In the Morris water maze test, the Tal1cko mice were able to learn to find the hidden platform (Fig. 4c). The Tal1cko mice also showed preference to the trained quadrant in the following probe trial (Probe trial 1, Fig. 4d). However, when the platform was moved to the opposite quadrant, the Tal1cko mice were severely impaired in learning the new location (Fig. 4c) and showed a completely random search strategy after training (Probe trial 2, Fig. 4c, d). This finding of reduced behavioral flexibility was further corroborated by impaired reversal learning of the Tal1cko mice in the Intellicage flexible sequencing task (Fig. 4e).

In the novel object recognition test, the Tal1cko mice showed again the inverse pattern of locomotor habituation, but this did not significantly change their relative preference for the novel object (Fig S2a, b). Interestingly, contextual fear conditioning was impaired in Tal1cko mice (Fig S2c).

We then analyzed mouse species-specific behaviors, such as grooming, nest construction, burrowing and marble burying, likely requiring animals to focus and concentrate their efforts on specific tasks. In the Tal1cko mice, all of these behaviors were significantly reduced (Fig. 4f–i).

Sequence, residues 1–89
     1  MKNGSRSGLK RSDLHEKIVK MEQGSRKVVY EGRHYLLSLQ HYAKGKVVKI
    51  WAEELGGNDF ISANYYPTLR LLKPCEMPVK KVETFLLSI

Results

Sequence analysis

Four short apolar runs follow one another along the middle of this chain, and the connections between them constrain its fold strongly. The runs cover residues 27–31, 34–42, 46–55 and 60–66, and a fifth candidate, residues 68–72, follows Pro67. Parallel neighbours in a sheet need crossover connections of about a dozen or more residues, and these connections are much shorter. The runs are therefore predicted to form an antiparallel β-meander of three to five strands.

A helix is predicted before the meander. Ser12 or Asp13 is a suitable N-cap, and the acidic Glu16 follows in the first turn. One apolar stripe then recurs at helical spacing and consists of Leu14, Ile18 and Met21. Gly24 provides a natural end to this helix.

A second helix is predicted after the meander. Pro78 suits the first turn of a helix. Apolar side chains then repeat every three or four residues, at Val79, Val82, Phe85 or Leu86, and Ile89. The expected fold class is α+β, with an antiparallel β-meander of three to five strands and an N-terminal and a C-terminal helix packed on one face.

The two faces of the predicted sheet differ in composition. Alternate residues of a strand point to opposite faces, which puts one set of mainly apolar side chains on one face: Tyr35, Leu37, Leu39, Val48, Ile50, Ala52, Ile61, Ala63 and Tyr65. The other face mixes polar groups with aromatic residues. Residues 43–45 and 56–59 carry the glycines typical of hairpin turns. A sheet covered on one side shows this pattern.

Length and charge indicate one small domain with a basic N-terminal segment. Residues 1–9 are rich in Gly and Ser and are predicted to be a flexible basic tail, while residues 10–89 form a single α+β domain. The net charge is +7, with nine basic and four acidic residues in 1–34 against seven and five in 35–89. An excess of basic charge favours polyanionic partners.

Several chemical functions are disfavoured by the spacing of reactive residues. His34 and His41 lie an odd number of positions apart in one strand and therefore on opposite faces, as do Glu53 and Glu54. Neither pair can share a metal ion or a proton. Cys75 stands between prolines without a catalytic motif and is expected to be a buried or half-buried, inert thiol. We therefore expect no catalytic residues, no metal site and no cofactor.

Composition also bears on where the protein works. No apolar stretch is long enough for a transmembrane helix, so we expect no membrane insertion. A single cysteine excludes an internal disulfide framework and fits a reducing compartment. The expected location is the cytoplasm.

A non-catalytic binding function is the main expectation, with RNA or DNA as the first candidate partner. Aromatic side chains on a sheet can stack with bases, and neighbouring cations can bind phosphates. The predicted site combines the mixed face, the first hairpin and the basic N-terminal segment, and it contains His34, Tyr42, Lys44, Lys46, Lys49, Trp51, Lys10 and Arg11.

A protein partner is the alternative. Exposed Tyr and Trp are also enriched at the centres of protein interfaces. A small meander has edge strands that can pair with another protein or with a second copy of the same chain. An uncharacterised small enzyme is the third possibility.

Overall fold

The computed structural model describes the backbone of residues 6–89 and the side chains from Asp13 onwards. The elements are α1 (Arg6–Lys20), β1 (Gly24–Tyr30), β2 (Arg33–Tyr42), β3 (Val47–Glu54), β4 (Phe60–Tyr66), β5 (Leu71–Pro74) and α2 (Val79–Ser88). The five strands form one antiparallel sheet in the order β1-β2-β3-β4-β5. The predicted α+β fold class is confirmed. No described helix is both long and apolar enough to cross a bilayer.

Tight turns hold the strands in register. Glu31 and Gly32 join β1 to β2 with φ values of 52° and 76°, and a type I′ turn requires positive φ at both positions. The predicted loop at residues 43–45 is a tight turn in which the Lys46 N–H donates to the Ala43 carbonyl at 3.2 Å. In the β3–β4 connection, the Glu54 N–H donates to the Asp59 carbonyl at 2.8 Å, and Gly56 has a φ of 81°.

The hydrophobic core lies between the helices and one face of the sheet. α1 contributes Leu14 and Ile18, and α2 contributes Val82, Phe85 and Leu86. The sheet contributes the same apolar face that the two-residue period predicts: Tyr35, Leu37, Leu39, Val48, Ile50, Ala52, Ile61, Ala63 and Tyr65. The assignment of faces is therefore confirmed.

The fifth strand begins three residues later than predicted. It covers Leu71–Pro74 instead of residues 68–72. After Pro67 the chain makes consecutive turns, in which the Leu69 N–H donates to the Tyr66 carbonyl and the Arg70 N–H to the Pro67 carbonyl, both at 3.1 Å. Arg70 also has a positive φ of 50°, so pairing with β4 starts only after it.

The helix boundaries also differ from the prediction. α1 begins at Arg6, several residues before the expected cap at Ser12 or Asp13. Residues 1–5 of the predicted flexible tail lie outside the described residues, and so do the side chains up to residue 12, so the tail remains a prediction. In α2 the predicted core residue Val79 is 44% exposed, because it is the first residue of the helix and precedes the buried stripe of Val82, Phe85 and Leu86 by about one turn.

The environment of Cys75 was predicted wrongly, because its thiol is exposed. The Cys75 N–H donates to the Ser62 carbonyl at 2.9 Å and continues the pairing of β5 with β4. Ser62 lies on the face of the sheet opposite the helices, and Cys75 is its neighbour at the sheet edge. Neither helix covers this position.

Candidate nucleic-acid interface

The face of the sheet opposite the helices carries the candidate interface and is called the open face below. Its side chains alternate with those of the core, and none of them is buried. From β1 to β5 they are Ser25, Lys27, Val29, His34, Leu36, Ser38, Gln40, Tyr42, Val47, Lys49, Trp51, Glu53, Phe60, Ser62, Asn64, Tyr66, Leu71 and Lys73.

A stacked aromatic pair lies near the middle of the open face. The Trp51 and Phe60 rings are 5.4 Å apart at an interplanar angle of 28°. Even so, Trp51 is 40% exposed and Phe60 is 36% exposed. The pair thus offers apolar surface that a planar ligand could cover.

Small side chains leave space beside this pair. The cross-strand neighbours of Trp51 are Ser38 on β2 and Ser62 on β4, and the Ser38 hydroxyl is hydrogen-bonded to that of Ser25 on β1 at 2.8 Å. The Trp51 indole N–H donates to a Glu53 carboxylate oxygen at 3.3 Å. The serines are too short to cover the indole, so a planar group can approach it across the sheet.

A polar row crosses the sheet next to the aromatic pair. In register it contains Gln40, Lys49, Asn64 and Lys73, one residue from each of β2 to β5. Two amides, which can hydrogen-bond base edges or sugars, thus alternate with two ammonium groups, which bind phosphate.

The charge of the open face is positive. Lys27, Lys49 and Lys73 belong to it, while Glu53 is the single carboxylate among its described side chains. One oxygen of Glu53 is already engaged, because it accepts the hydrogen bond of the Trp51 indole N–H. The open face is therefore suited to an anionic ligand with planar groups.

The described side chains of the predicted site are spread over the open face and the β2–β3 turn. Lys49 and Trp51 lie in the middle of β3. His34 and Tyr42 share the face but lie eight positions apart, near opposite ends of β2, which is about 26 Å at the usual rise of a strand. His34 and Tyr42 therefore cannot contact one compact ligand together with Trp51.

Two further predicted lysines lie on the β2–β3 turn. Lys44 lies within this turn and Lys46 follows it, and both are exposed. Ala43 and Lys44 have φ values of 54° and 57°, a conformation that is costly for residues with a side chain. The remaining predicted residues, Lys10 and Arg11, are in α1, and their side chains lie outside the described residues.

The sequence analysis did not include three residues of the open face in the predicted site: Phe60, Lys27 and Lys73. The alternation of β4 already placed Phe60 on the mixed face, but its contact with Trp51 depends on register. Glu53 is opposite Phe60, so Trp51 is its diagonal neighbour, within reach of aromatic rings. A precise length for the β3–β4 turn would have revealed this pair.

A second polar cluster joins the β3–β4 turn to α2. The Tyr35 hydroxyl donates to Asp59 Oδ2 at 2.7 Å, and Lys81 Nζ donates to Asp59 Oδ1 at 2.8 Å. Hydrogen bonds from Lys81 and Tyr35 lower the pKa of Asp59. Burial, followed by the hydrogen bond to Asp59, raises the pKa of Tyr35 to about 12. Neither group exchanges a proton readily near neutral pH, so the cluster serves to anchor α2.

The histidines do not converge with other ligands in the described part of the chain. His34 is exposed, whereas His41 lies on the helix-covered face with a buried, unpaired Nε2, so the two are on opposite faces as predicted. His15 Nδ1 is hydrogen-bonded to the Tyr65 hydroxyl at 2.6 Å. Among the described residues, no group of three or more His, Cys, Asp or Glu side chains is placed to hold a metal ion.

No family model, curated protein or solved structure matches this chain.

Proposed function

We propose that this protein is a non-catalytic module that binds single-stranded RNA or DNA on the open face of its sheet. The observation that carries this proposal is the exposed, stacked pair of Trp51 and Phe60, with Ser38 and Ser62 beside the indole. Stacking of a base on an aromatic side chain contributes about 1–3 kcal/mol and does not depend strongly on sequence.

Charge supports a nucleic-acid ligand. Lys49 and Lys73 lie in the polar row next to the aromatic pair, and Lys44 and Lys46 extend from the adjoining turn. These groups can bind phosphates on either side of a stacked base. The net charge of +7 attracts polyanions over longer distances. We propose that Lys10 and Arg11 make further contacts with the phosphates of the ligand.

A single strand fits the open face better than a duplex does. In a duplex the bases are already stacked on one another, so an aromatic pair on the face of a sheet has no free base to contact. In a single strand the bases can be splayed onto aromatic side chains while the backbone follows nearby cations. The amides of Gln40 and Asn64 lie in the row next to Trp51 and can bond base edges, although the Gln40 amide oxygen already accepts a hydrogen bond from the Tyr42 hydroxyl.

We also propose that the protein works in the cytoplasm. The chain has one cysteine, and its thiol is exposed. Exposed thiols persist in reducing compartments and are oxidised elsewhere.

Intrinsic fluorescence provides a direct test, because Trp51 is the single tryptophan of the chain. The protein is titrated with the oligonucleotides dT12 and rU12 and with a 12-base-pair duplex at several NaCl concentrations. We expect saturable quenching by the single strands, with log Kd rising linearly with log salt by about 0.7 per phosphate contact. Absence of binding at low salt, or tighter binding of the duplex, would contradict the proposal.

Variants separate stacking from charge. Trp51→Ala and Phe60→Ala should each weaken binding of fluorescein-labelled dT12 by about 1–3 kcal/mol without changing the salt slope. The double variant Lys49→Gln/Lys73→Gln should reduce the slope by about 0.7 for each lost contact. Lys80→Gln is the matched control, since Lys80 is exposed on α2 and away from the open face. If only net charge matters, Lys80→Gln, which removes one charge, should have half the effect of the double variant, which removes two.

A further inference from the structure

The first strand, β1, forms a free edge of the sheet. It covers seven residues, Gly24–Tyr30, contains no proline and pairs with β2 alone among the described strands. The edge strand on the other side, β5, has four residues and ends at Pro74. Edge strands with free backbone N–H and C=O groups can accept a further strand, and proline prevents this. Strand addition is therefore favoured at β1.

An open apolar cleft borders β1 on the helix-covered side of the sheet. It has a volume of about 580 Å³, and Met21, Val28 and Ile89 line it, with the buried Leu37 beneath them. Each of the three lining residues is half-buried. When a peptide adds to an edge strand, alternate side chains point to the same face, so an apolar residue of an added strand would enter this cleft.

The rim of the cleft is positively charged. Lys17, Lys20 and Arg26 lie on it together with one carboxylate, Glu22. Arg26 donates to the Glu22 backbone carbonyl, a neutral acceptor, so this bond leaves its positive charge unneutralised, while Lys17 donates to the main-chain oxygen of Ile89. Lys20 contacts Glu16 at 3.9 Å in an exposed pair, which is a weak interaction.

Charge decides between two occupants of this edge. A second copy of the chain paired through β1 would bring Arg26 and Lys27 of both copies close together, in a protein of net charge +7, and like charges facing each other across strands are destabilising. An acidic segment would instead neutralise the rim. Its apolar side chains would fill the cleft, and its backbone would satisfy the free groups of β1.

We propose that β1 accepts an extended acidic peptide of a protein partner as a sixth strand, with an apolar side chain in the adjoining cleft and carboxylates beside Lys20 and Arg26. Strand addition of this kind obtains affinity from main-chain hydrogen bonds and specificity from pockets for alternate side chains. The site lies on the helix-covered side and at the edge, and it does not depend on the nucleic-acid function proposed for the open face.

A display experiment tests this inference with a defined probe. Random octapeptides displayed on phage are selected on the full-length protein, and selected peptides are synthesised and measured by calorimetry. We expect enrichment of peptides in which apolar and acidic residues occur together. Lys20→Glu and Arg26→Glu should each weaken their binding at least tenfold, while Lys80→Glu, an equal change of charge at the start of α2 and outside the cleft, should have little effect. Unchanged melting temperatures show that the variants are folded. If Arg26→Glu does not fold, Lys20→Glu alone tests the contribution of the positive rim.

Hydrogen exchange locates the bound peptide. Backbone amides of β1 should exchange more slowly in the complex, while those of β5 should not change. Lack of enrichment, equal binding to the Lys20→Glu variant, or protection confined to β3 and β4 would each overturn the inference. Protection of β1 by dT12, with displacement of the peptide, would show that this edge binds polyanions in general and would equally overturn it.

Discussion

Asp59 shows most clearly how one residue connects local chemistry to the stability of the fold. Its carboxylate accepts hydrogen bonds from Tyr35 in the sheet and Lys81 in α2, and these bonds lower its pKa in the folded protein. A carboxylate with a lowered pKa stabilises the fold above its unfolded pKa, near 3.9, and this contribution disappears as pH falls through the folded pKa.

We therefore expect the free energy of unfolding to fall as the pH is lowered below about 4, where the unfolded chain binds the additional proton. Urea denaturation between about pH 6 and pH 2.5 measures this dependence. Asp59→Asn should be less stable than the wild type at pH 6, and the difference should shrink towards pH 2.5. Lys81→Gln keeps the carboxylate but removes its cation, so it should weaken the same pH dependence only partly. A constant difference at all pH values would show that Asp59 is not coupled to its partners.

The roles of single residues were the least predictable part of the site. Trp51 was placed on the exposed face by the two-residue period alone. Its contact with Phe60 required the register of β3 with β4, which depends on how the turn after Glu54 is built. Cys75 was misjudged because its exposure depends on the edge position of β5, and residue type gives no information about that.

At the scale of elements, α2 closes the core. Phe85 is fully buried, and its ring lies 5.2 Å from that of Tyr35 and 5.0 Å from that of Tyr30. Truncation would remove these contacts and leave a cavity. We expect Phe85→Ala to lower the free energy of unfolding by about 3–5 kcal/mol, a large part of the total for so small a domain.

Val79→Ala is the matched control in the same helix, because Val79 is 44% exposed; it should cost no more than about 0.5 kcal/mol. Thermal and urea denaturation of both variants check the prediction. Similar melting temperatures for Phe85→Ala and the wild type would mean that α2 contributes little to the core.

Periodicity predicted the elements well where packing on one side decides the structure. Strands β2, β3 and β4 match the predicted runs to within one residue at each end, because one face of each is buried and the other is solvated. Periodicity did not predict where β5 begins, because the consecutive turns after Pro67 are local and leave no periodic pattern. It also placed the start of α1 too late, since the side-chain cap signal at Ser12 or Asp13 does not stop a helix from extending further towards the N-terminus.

Dopaminergic system in the Tal1cko mice

We next asked whether a change in the GABAergic and glutamatergic components of the dopaminergic circuitry, due to the inactivation of Tal1, could affect the dopamine neuron numbers. Quantification of dopamine neurons in the ventral midbrain revealed no change in their numbers in the Tal1cko mice (Fig. 5a–e). We then addressed the functionality of the dopamine system. Analysis of the neurotransmitter levels in the tissue of the dorsal striatum, nucleus accumbens (NAc), and prefrontal cortex, revealed a decrease in the levels of dopamine and its metabolites in the Tal1cko mice (Fig. 5f–h, Fig S3b–g). All the target tissues of the dopaminergic system showed the same trend, but the difference was most pronounced in the NAc. Serotonin and its metabolite 5-HIAA levels in the dorsal striatum, nucleus accumbens, and prefrontal cortex were unaltered in the Tal1cko mice (Fig S4). Noradrenaline content was also not changed in the prefrontal cortex of the Tal1cko mice (Fig S4).

Fig. 5: Dopaminergic system in Tal1cko mice.
figure5